What Are the White Seeds in a Seedless Watermelon?

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    History

    • Seedless watermelons have been produced for about 50 years and have become far more popular in the marketplace than seeded watermelons. In 1949, researcher Warren Barham began experimenting with breeding watermelons for smaller seeds. He discovered that certain "parent" watermelons, when crossed, produced seed that resulted in seedless watermelons.

    Method

    • A seeded watermelon contains 22 chromosomes (diploid). When a chemical called colchicine is applied, the chromosomes double to 44 (tetraploid). Pollinating a 44-chromosome plant's flower with the pollen from a 22-chromosome plant results in a 33-chromosome plant (triploid). To produce fruit, the sterile triploid plant needs to be pollinated by a normal, seeded watermelon plant. But the fruit will be seedless.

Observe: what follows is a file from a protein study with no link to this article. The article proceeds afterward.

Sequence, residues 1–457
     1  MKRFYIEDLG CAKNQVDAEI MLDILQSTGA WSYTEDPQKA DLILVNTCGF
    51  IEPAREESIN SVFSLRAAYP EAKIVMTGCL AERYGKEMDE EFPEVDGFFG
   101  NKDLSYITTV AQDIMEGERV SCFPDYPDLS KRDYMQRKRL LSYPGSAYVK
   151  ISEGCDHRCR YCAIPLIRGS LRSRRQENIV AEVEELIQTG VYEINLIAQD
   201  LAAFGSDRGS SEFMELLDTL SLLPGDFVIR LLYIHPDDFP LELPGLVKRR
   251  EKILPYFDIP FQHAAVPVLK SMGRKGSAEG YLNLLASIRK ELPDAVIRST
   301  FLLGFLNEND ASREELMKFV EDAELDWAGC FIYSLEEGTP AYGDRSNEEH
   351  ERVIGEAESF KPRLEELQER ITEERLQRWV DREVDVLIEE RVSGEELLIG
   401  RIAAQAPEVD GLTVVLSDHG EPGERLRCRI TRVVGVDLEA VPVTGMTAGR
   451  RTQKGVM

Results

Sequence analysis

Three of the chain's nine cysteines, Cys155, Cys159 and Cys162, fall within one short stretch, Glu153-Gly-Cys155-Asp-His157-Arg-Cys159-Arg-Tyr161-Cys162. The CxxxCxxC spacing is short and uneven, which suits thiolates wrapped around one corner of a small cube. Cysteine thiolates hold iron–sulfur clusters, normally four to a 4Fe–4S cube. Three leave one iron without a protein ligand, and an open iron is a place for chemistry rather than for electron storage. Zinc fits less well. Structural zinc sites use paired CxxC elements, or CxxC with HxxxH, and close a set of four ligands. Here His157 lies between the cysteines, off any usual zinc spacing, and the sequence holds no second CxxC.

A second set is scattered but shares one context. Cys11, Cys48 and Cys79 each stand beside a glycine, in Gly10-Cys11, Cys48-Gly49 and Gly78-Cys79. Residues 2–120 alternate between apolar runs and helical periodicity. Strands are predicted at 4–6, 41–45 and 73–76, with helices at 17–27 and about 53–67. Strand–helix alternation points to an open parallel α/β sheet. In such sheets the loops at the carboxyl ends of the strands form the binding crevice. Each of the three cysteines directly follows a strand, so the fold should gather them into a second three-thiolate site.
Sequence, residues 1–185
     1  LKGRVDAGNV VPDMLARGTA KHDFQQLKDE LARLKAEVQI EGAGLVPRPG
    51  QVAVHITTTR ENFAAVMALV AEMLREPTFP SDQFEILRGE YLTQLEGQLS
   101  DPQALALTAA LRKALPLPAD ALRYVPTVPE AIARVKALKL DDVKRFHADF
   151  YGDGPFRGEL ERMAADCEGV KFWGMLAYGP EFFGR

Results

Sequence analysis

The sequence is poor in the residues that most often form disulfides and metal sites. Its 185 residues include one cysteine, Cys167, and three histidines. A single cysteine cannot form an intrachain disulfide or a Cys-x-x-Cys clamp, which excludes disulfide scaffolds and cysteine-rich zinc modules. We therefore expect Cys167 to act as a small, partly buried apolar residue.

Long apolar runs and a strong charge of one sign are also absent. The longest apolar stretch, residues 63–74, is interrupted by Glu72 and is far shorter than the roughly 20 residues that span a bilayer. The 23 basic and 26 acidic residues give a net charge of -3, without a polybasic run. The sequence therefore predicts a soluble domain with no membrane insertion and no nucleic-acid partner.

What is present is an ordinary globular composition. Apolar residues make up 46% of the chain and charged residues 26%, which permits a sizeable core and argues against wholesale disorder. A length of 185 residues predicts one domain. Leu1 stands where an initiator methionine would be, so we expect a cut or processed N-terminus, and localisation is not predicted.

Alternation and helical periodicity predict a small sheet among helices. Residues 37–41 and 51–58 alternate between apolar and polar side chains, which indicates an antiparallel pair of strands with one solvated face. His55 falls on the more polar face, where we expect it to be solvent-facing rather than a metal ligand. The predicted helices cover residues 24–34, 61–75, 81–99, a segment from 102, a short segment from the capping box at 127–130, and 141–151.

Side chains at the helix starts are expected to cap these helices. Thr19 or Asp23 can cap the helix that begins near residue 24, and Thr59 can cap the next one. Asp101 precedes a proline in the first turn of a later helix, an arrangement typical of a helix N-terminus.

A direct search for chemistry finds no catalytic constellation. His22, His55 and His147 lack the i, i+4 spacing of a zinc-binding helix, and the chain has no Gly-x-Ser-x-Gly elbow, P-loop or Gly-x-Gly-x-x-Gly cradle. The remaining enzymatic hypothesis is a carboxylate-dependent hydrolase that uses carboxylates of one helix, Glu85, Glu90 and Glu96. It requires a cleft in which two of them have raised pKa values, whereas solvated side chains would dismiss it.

Growing

    • At first, to grow a crop of seedless watermelons, farmers needed to plant seeded watermelons nearby for pollination. Now, however, non-fruiting hybrids of watermelon plants have been developed. They produce flowers for cross-pollination by bees or by hand, but they produce no watermelons. Because seedless watermelons don't put any energy into seed production, their flesh is often sweeter and their vines more vigorous.

    Popularity

    • Like seedless grapes, seedless watermelons have become favorites at the grocery store. In 2004, according to the National Watermelon Promotion Board, only 16 percent of watermelons sold in grocery stores had seeds. Seedless watermelons are firmer and keep longer because the flesh is more solid than the flesh of seeded varieties.

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